Older Americans flexed their political muscles last November, while interest in choosing a new president flagged among other age groups, the Census Bureau reports.
Some 68.8 percent of people 65 and over reported going to the polls last fall, the only age group to show an increase from the election four years earlier, according to the analysis released on Tuesday. Senior citizens voted at a 67.7 percent rate in 1984."The elderly have been getting a lot of attention and have become a great deal more active then ever before," said Census Bureau statistician Jerry Jennings. "They are becoming a much more self-conscious group than before and are beginning to recognize their power."
While the over-65 group was tops in turnout, the 45-to-64 age segment wasn't far behind at 67.9 percent last November. But that was down from 69.8 percent four years earlier.
Turnout by voters aged 25 to 44 fell from 58.4 percent to 54.0 percent, and in the 18 to 24 group it dropped from 40.8 percent to 36.2 percent.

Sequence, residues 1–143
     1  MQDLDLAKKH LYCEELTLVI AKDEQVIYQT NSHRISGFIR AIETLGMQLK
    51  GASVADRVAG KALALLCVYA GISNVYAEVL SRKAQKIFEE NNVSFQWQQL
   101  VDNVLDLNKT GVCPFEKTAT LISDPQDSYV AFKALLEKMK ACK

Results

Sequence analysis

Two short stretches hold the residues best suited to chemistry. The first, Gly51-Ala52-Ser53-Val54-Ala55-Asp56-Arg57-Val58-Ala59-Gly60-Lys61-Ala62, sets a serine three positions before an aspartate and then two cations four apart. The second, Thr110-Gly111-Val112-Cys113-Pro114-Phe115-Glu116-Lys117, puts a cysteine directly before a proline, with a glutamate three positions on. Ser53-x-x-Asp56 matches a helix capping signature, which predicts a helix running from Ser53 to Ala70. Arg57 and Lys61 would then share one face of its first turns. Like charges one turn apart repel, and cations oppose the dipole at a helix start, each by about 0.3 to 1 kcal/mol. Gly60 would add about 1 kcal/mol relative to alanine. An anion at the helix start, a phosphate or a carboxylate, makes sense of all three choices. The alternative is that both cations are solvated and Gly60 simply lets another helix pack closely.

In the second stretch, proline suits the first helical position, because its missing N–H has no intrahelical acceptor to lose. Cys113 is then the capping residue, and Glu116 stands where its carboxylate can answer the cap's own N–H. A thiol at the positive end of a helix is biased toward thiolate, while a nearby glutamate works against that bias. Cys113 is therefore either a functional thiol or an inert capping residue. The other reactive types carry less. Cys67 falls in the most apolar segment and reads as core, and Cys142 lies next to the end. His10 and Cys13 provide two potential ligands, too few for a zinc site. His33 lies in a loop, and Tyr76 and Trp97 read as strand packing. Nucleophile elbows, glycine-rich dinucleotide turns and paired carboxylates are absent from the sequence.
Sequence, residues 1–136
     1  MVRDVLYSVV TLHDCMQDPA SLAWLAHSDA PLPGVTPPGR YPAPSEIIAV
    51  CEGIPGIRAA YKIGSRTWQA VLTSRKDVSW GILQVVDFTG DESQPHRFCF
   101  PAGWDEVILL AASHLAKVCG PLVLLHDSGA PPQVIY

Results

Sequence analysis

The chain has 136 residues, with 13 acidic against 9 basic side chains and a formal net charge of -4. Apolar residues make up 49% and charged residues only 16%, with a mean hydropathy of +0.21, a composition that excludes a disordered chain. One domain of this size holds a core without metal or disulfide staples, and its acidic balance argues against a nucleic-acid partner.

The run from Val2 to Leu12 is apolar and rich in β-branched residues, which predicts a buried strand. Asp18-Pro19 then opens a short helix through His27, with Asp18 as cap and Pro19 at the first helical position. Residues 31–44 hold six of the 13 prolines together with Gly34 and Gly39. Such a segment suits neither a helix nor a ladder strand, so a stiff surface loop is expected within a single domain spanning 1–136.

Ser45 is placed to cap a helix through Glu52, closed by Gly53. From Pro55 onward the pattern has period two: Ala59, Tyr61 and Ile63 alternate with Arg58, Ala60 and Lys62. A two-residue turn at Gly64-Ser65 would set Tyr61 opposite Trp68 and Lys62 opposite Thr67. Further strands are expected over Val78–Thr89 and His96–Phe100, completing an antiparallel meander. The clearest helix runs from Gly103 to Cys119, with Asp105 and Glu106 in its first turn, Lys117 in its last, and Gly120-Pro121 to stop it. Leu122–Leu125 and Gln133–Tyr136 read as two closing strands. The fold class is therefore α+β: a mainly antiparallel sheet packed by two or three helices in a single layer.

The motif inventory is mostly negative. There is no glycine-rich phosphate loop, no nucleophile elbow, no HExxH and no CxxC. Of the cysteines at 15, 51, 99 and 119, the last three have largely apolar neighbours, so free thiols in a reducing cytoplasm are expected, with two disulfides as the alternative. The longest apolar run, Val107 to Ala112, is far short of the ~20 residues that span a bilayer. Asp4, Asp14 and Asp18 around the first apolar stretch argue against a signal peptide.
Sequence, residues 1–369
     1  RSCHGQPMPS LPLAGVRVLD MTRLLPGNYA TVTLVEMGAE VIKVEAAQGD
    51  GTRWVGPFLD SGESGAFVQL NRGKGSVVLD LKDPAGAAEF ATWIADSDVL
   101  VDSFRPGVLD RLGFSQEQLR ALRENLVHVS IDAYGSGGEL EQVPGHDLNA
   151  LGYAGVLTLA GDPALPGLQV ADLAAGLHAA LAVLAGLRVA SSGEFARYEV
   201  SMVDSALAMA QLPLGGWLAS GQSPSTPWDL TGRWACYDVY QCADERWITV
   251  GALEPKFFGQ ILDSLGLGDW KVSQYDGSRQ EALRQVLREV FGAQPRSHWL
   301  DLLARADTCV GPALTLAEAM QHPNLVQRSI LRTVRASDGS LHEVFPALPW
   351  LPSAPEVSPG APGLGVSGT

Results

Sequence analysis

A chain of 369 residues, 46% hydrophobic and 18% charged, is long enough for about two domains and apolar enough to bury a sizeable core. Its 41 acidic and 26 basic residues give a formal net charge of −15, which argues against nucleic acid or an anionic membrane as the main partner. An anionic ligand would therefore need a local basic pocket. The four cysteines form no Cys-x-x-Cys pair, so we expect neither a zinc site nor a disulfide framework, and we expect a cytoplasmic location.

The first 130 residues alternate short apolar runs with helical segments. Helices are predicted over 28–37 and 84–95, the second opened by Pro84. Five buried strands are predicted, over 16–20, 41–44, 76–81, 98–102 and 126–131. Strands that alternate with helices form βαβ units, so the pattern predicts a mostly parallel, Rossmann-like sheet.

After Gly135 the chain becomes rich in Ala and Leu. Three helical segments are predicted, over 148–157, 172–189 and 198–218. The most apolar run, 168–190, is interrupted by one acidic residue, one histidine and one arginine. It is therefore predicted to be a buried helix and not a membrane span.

Overall, the census analysis found voter turnout down 3 percentage points from 1984 and - at 57 percent - the lowest since the bureau began asking about voting in 1964.
As usual, more people told the Census Bureau they had voted than there were votes actually cast, a phenomenon which the bureau gently terms "misreporting."
The drop in turnout was greatest for blacks and Hispanics, the Census study found.
Only 51.5 percent of voting-age blacks said they had cast ballots, down from 55.8 percent four years earlier. For Hispanics the decline was from 32.6 percent to 28.8 percent.
The white turnout fell from 61.4 percent to 59.2 percent between 1984 and 1988.
Women held their lead over males in voting, 58.3 percent to 56.4 percent last year. In 1984 women had led 60.8 percent to 59.0 percent.
Turnout in the West fell from 58.5 percent to 55.6 percent.
Sampling of turnout during '88 election
Here's a smpling of the percentage of voting-age Americans who reported casting a ballot in the election:
New Mexico 54.6
New York 54.0